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Nick Winkleman: Robustness and Player Development

Ireland Rugby Squad Training, IRFU High Performance Centre, Sport Ireland Campus, Blanchardstown, Dublin 30/1/2020 CJ Stander Mandatory Credit ©INPHO/Dan Sheridan

Ireland Rugby Squad Training, IRFU High Performance Centre, Sport Ireland Campus, Blanchardstown, Dublin 30/1/2020 CJ Stander Mandatory Credit ©INPHO/Dan Sheridan

Nick Winkleman IRFU Head of Elite Performance and Science

Nick Winkleman IRFU Head of Elite Performance and Science

Nick Winkelman is the IRFU’s Head of Athletic Performance and Science.  He has a wide ranging brief within Irish Rugby developing and establishing athletic performance best-in-class standards for players within the high performance pathway.  Working with all the Athletic Performance leads and staff across the provinces Nick drives education within the Irish system to ensure our professional staff and players are supported with cutting edge insight and data to support athletic development and on-field performance.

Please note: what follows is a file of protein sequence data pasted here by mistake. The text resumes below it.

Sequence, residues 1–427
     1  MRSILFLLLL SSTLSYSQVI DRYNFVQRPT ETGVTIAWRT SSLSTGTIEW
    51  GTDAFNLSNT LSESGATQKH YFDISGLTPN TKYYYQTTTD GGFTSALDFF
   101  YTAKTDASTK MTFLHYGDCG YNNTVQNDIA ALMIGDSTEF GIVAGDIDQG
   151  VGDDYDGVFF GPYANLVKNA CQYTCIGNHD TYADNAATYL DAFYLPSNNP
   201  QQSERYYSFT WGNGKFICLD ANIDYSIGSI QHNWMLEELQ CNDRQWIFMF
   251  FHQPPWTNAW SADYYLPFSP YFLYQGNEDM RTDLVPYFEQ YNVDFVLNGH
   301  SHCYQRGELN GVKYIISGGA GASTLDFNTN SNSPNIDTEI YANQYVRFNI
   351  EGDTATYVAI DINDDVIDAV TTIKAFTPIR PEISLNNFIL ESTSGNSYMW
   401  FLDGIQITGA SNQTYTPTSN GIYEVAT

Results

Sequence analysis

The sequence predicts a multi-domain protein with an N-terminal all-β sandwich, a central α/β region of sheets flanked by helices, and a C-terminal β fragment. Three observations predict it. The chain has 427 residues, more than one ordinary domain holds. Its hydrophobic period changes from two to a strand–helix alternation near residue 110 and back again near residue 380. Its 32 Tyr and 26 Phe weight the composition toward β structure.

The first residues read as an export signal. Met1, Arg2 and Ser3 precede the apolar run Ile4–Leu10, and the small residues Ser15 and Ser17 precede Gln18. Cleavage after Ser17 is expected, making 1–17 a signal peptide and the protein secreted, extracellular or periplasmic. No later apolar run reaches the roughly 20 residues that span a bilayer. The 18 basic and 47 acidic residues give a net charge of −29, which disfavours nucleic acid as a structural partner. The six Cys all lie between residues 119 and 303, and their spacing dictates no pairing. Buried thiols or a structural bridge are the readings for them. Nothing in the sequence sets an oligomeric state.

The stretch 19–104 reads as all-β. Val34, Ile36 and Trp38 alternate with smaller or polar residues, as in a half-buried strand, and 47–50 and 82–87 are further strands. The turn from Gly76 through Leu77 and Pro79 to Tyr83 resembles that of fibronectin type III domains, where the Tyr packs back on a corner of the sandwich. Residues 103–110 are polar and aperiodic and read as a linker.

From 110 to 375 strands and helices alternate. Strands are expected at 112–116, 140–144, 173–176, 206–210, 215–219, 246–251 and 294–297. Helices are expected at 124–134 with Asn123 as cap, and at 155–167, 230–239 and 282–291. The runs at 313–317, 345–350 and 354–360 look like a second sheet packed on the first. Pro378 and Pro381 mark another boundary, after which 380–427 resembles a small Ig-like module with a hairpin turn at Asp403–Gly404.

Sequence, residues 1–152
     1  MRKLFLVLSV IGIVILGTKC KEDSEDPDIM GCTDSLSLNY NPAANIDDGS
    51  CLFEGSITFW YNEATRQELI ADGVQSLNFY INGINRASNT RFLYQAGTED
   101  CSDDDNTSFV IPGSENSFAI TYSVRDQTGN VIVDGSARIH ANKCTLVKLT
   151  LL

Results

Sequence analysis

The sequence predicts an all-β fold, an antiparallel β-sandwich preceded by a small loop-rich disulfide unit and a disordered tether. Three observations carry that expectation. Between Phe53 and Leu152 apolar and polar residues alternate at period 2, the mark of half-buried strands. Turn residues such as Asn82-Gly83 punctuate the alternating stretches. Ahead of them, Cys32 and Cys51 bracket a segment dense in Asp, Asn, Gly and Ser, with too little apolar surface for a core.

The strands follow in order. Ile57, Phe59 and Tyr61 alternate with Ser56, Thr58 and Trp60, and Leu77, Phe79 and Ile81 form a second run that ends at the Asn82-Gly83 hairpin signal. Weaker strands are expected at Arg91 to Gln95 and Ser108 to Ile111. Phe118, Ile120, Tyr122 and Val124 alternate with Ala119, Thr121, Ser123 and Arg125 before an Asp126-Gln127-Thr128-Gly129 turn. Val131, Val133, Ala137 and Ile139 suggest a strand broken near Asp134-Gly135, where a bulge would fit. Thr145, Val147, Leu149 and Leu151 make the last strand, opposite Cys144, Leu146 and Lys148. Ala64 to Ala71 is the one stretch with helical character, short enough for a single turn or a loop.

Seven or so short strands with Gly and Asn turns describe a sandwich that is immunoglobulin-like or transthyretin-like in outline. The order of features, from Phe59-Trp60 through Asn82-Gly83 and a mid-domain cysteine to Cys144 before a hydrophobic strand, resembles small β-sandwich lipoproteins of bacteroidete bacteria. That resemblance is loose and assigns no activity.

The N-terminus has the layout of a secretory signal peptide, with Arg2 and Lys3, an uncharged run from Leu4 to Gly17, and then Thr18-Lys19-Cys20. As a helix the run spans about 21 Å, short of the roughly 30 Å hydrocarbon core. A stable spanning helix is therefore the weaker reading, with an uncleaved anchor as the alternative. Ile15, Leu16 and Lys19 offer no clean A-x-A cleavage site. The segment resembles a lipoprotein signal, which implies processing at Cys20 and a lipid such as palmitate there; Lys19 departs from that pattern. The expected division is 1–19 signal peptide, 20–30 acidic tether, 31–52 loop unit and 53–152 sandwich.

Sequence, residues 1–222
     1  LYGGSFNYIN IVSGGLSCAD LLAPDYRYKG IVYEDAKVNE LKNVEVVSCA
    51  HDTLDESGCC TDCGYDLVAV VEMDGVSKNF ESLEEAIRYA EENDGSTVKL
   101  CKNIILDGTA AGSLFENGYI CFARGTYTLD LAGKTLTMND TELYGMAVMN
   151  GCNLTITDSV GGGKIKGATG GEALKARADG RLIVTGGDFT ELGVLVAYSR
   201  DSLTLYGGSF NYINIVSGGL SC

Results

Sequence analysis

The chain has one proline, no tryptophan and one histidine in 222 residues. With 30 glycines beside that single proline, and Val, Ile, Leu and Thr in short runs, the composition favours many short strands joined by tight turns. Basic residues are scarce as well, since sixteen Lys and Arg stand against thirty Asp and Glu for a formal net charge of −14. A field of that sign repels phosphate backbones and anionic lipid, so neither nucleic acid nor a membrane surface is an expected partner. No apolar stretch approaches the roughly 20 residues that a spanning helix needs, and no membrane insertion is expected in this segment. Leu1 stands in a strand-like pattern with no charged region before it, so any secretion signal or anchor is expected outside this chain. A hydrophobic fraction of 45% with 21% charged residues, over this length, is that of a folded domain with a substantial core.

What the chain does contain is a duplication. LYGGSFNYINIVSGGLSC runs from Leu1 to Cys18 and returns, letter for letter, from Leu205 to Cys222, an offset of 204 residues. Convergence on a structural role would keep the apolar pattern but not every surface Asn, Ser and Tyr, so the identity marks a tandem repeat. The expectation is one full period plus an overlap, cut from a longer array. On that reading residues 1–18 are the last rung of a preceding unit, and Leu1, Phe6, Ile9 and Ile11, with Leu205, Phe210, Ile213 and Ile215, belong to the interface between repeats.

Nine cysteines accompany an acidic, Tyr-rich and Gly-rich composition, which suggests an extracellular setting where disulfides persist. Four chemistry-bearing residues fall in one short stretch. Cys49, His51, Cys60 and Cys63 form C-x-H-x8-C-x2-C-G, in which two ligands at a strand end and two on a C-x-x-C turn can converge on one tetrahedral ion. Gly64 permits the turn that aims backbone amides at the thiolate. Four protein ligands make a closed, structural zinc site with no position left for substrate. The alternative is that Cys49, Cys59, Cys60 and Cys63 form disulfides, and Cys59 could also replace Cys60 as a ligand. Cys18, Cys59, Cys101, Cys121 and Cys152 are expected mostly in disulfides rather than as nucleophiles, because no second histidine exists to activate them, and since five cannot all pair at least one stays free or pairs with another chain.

Nick is the author of the soon to be published The Language of Coaching: The Art & Science of Teaching Movement – available to pre-order now.

Robustness & Player Development

Rugby is a team sport. It requires fifteen (or seven) individuals to think, move and play as one. From organizing a scrum to moving the ball across the pitch, each player, directly or indirectly, depends on the other. Similarly, the backroom staff supporting these players must also operate as a team, seamlessly integrating a diversity of specialist areas across rugby, medical, athletic performance, and nutrition.

Whether a player is injured, completing a return to perform programme, or healthy, competing for a starting spot, they depend on their backroom staff to create the conditions necessary for them to thrive on the pitch and perform week on week – what you might call robustness or the capacity to consistently engage in training and games with maximal effort.

Jordan Larmour in the gym on Ireland duty